The problems continue to mount for Boston Scientific Corp.’s (NYSE:BSX) beleaguered defibrillator division, as federal investigators launch probes of the recall of all of its defib products.
The U.S. Justice Dept. subpoenaed documents related to the March 15 recall and Securities and Exchange investigators embarked on an informal inquiry, according to an internal memo from BSX general counsel Timothy Pratt obtained by the newspaper.
Boston Scientific pulled all of its defibrillator inventory and halted sales after discovering that it had failed to notify the Food & Drug Administration of a pair of changes to its defib manufacturing process. CEO Ray Elliott told physicians March 29 that the hold, estimated to be costing the company as much as $5 million a day, that the FDA could take as long as 30 days to review the situation.
Now the federal watchdog isn’t the only agency sniffing around the Natick, Mass.-based company’s cardiac rhythm management operation.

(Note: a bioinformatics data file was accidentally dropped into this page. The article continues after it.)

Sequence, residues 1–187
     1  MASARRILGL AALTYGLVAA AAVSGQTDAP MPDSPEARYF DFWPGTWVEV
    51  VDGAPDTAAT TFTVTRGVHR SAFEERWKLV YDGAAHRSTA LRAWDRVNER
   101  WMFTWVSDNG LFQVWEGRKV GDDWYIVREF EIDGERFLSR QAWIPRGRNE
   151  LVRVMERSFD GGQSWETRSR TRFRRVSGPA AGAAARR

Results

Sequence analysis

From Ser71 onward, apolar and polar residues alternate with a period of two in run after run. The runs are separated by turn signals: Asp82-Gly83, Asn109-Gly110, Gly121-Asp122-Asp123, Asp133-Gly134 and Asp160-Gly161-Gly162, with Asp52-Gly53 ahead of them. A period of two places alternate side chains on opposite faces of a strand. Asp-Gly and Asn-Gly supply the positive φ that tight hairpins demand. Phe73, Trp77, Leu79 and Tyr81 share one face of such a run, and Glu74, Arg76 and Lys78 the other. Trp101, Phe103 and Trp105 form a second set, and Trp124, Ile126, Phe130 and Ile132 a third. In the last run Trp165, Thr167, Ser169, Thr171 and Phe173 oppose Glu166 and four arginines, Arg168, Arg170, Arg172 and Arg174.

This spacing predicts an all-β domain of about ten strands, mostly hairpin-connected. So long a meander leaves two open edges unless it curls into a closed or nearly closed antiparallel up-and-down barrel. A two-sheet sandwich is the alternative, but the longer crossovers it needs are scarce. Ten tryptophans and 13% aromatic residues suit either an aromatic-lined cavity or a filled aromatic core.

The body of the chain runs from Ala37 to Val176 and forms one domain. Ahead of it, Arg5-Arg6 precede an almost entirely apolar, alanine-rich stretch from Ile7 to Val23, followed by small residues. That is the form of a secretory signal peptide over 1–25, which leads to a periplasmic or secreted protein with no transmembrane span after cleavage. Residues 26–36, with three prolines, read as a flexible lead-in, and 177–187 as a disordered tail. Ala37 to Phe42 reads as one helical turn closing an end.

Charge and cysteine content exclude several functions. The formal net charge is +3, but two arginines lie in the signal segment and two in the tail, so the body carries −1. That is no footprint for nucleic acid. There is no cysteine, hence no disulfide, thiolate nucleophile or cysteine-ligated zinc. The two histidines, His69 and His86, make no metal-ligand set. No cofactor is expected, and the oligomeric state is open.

"According to the memorandum, SEC and Justice investigators are seeking company documents regarding the company’s discovery that it hadn’t gotten FDA approval, as well as communications with regulators, physicians and stock analysts about the withdrawal. Investigators are also seeking any reports of injuries, the memorandum said,” according to the Journal‘s report. “An informal inquiry denotes an early-stage investigation by the SEC — one that has begun but which hasn’t been formalized by senior staff. Officials at the SEC and Justice Department declined to comment.”
Boston Scientific also declined comment, the newspaper reported.